For nearly three and a half decades what defined a person as an accredited investor had remained relatively unchanged. In 1982 the Securities and Exchange Commission (SEC) established income and wealth guidelines under its Regulation D framework, which essentially regulated who would be permitted to invest in private placement offerings.
The theory behind the SEC establishing such guidelines was that wealthy persons, above a certain threshold, were “sophisticated” enough to manage their financial affairs, when it came to monetarily backing new businesses. Since the Great Depression era, federal securities laws have attempted to protect lower-income individuals who might be less informed about business finance from losing money on new start-up investments. With a more than 90% historical business start-up failure rate, it was assumed that wealthy individuals had the knowledge base to have a better understanding of what they were investing in and could absorb potential financial losses.
Regulation D (Reg D), Rule 501, itemizes specific criteria which would identify who is considered an accredited investor.
In order to be considered an accredited investor, according to SEC Rule 501(a) of Regulation D, a person has to meet at least one of the following:
- An individual annual income and total net worth of $200,000, in the most recent two-year period.
- If married, have an annual income and total net worth of $300,000 in the two most recent years.
- Either individually or jointly with a spouse, have a net worth of $1,000,000, excluding the value of an investors primary residence.
- Be a general partner, director, executive officer, or a related combination thereof for the issuer of a security being offered.
An entity shall be considered an accredited investor if the entity meets one of the following:
- A trust with total assets of $5,000,000 and above. The trust must not have been formed for the purpose of purchasing offered securities and must be controlled by a “sophisticated” person.
- An entity where all equity owners are themselves accredited investors.
- A non-profit 501(c)(3) organization with assets in excess of $5,000,000.
- A Private Business Development Company as defined in the Investment Advisers Act of 1940.
- A bank, savings and loans, insurance company, an investment company registered under the Investment Company Act of 1940, a Small Business Investment Company licensed by the US Small Business Administration, a plan established and maintained by a state with assets in excess of $5,000,000, an employee benefits plan with assets in excess of $5,000,000, or a self-directed plan managed by an accredited investor.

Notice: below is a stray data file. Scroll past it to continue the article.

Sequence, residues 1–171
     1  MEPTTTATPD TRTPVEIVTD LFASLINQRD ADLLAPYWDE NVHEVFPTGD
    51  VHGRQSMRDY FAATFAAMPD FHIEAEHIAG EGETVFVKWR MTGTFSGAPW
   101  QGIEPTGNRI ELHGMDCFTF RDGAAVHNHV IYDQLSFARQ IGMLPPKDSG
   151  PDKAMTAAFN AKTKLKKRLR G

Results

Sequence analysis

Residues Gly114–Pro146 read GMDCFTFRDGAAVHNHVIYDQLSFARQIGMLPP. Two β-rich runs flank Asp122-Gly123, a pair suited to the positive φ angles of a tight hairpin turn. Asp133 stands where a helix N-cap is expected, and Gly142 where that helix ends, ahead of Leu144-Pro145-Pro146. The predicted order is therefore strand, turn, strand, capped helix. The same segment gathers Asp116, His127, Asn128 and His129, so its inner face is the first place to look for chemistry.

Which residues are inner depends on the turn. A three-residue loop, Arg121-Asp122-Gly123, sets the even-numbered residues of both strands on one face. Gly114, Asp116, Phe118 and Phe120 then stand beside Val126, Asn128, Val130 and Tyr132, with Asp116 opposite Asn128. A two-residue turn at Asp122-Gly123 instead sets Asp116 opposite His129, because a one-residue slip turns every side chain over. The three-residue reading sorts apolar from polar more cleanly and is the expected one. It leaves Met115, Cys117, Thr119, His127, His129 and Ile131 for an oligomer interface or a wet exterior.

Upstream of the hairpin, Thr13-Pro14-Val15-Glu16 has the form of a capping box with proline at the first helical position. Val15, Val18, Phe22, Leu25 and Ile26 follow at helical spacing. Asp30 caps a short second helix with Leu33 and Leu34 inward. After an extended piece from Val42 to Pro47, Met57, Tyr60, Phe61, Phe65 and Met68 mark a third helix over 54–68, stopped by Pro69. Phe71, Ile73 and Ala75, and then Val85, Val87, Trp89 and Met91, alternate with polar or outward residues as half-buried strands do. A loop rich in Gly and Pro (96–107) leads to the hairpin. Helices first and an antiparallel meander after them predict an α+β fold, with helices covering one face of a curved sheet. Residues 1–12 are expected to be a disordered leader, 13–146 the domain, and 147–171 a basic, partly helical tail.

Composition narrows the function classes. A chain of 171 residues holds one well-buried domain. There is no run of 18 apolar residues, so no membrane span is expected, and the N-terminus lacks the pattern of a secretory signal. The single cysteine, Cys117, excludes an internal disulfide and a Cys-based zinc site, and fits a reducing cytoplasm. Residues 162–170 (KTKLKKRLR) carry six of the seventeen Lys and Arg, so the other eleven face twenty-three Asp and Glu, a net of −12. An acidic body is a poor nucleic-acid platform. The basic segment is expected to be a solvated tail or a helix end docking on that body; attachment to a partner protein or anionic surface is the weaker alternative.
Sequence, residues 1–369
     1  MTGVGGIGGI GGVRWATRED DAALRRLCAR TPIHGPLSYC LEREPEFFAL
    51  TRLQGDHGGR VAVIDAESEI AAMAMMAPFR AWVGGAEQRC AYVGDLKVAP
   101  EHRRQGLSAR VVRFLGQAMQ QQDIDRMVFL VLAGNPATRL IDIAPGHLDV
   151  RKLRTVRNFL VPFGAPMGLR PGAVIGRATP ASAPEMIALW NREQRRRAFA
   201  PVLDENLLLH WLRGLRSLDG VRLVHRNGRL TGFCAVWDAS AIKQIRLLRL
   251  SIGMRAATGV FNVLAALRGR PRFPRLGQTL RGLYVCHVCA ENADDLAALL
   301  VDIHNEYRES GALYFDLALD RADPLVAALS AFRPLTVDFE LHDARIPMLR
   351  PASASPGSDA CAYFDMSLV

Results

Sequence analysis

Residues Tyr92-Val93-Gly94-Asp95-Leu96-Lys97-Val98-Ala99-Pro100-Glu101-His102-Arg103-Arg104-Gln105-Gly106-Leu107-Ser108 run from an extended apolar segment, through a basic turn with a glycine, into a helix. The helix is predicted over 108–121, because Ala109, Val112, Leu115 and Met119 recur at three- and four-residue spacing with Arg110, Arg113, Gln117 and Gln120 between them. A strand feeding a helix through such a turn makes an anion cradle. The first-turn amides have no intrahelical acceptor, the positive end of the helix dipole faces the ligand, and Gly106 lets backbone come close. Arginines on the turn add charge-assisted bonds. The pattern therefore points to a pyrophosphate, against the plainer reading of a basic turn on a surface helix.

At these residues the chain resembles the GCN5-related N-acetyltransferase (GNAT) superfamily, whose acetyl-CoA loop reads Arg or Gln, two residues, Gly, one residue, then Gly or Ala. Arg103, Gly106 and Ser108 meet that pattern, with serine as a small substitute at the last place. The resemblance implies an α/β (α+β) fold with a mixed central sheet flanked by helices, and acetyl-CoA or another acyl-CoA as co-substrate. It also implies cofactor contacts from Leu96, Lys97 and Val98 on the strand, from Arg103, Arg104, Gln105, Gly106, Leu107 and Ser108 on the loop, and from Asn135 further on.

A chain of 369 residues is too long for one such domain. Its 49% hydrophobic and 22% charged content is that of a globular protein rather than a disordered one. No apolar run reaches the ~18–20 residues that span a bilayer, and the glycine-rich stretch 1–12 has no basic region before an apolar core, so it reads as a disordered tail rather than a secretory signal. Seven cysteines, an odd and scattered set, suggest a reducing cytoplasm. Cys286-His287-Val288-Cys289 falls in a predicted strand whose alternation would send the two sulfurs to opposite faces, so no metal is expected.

** For more information, please visit the Securities and Exchange Commission site.
Why is being considered an accredited investor important?
Being a qualified accredited investor is significant because accredited investors are allowed, by federal securities laws, to participate in investment opportunities that are not registered with the U.S. Securities and Exchange Commission (SEC). These opportunities are generally not available to non-accredited investors. Rule 506, of Regulation D, does permit up to 35 non-accredited investors to participate in a company’s capital raise. However, because of the extensive filing and offering disclosure requirements established by Rule 502(b) of Regulation D, and inherent cost attached thereto, the practicality of including non-accredited investors makes this avenue prohibitive. In effect, non-accredited investors are locked out of the opportunity to get in on the ground floor of start-up companies that may one day become the next Google, Facebook, Amazon or Uber.
House of Representative approves expanded ‘Accredited Investor’ definition
On February 1, 2016 the U.S. House of Representatives overwhelmingly voted to approve a house bill that would amend the U.S. Securities Act of 1933 to include the Fair Investment Opportunities for Professional Experts Act (H.R. 2187). The bill is currently referred to the U.S. Senate’s Committee on Banking, Housing and Urban Affairs for review. If this bill is ultimately approved into law, it would open up the ability for some non-high-net-worth individuals to financially support startups. It accomplishes this by mandating the SEC to widen their definition of an accredited investor to include a knowledge and education-based category of accredited investors. This change allows those who are considered experts in the field of investment and finance to be accredited investors, in their own right. According to the SEC’s Investor Advisory Committee, “expanding the pool of eligible investors that can participate in private placements will increase capital formation and amending the definition of accredited investor to account for educational or professional expertise will help to increase that eligibility pool. Individual investors that have the risk appetite and ability to understand the private offering should be able to invest – the government should not limit the options of individual investors to only those the government deems worthy.”
These persons would include:
- Any natural person who is licensed in the securities industry (registered broker or investment adviser with the SEC), Financial Industry Regulatory Authority (FINRA), or the securities division of a state or an equivalent state division.
Any natural person whom the SEC determines by regulation to have demonstrable education or job experience to qualify a person as having professional knowledge or a subject related to a particular investment, and whose education or job experience is verified by FINRA or an equivalent self-regulatory authority.